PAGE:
A general understanding of a horse’s digestive system is the first step to ensuring overall equine health. Horses evolved as foragers, grazing on any wild vegetation that they could find. As a result, they have developed a very particular digestive system that is uniquely adapted to this kind of diet. The stomach and small intestine are the proper size to receive a continuous amount of small quantities of food. However, modern feeding practices have resulted in a system that provides horses with infrequent, highly concentrated feed access. This has resulted in an increase of digestive problems among horses exposed to such practices. Developing the proper feeding methods for your horse requires a basic overview of how the animal digests its food.
Maintaining the cecum pH
From the mouth to the stomach and through the small intestine, horse digestion is very similar to that of humans. However, horses have a structure right at the beginning of their large intestine called the cecum. This large chamber functions similarly to the rest of the large intestine, and together the two comprise of what is known as the hindgut. This area houses expansive microbial colonies responsible for the breakdown of dietary fiber. In order for these microbial colonies to live and thrive, the cecum and large intestine must maintain a certain pH. If the environment becomes too acidic or too basic, the microbes cannot survive leading to a host of possible ailments.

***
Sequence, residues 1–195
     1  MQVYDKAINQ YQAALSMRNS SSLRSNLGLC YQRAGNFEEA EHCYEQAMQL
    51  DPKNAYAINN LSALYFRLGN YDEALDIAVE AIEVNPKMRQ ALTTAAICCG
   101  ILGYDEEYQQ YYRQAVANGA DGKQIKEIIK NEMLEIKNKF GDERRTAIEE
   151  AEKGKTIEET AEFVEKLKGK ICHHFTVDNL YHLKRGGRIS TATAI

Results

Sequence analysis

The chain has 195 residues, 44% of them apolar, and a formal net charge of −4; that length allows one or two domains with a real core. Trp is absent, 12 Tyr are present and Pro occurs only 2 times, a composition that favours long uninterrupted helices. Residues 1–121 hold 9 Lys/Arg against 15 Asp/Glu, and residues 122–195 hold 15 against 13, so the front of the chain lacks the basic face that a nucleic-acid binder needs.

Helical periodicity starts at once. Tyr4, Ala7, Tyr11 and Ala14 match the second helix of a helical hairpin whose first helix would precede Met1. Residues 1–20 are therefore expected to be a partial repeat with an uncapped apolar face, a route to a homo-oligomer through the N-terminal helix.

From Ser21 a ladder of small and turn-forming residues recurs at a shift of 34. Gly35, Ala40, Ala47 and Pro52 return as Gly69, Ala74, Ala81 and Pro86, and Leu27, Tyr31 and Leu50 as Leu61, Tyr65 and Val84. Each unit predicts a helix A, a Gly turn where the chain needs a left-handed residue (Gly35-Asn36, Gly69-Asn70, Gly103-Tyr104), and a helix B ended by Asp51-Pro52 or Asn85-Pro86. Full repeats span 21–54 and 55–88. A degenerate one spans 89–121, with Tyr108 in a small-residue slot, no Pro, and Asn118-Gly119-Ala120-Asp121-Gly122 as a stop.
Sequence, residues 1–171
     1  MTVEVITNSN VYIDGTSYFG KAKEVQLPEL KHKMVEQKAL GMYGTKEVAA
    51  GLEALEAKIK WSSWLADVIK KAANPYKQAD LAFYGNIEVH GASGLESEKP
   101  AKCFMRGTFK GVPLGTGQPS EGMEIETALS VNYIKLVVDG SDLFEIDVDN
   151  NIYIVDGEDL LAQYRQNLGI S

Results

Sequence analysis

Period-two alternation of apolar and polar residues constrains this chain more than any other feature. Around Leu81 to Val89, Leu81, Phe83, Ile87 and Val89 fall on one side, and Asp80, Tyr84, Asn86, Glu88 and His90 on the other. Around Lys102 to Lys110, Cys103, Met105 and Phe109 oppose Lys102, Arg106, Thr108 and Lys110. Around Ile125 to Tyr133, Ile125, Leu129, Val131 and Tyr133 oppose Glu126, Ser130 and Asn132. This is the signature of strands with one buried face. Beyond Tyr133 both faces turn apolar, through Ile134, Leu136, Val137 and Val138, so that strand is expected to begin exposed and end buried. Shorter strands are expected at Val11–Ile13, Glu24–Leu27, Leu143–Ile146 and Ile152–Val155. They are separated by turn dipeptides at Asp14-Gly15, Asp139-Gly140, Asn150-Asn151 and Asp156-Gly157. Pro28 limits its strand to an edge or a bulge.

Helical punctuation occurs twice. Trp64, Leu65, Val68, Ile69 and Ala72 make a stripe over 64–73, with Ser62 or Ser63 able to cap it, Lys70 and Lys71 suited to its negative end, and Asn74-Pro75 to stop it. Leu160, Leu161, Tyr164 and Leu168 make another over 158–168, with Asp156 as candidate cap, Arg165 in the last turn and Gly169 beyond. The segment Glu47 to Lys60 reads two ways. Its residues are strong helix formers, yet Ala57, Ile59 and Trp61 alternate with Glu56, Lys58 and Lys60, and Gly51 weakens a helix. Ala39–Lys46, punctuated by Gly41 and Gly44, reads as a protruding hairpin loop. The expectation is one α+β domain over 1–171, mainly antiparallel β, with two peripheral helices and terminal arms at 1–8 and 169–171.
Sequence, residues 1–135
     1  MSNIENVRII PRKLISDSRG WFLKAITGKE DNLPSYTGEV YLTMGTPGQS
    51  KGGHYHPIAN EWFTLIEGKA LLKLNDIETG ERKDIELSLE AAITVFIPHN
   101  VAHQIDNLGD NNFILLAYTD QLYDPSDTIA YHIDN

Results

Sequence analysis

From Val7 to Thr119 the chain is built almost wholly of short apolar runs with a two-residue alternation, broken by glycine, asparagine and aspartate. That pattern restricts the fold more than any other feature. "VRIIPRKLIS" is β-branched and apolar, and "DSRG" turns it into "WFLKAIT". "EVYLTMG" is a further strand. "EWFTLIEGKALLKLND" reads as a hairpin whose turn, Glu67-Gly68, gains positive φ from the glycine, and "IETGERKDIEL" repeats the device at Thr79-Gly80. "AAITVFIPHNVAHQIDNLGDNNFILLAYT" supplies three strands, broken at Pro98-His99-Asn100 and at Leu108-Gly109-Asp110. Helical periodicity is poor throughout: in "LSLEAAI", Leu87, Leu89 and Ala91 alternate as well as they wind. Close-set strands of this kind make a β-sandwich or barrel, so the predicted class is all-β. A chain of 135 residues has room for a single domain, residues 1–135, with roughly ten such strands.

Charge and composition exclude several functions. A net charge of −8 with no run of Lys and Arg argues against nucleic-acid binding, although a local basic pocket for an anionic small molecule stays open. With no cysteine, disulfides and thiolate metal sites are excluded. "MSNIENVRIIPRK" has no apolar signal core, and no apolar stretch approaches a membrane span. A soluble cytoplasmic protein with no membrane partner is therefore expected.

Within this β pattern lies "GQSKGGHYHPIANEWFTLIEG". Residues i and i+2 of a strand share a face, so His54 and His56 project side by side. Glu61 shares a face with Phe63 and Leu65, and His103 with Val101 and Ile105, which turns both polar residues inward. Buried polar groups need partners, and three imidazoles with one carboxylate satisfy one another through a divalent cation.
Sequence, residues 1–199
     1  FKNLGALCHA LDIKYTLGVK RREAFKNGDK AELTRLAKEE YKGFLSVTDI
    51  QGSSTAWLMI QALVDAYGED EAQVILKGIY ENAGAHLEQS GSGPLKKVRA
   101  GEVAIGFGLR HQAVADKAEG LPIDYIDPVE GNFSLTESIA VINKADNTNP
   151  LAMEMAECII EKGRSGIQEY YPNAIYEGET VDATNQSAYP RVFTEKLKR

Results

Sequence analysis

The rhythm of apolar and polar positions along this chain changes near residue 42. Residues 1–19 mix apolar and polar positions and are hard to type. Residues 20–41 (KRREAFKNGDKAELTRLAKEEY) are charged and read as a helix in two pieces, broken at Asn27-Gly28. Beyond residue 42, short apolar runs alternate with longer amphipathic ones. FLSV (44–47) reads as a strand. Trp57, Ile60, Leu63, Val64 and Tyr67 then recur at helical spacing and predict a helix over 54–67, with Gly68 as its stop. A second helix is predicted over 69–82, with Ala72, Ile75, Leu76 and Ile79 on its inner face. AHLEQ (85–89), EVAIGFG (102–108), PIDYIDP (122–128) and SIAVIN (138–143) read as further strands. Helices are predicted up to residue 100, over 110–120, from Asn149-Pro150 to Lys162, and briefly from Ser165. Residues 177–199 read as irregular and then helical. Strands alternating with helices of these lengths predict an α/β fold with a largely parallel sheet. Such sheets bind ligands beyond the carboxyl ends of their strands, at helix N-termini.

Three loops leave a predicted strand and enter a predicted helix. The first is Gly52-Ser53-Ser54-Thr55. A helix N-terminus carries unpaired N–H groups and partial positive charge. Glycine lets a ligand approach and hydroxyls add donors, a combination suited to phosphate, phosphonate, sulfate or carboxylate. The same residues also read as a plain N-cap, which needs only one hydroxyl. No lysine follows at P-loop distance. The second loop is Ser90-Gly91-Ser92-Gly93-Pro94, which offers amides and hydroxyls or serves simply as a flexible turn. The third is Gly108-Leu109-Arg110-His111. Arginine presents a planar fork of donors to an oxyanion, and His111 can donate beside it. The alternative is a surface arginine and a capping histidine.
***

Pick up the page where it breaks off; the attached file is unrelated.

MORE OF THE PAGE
Colic and laminitis
When the pH of a horse’s digestive tract suddenly drops very low the bacteria die off in large quantities, releasing an endotoxin as they do. This endotoxin is what is ultimately responsible for such diseases as colic and laminitis. In the case of colic, the horse will experience intense abdominal pain. Symptoms of colicking include increased sweat production, curling the upper lip, looking at the flank, lying down repeatedly and rolling. If you believe your horse to be colicking, contact your veterinarian immediately, as it may be life-threatening. Laminitis affects a horse or pony’s feet by weakening the lamina that bonds the hoof. If left untreated, it can lead to the horse’s foot sinking, known as founder.
Proper nutrition is necessary to protect your horse from the maladies that plague the digestive system. Finish Line’s U-7™ Gastric Aid promotes the digestive health of both the foregut and the hindgut to ensure an overall healthy animal. Available as a liquid or a powder, U-7™ Gastric Aid is a blend of herbs and vitamins that may result in a healthier, happier horse.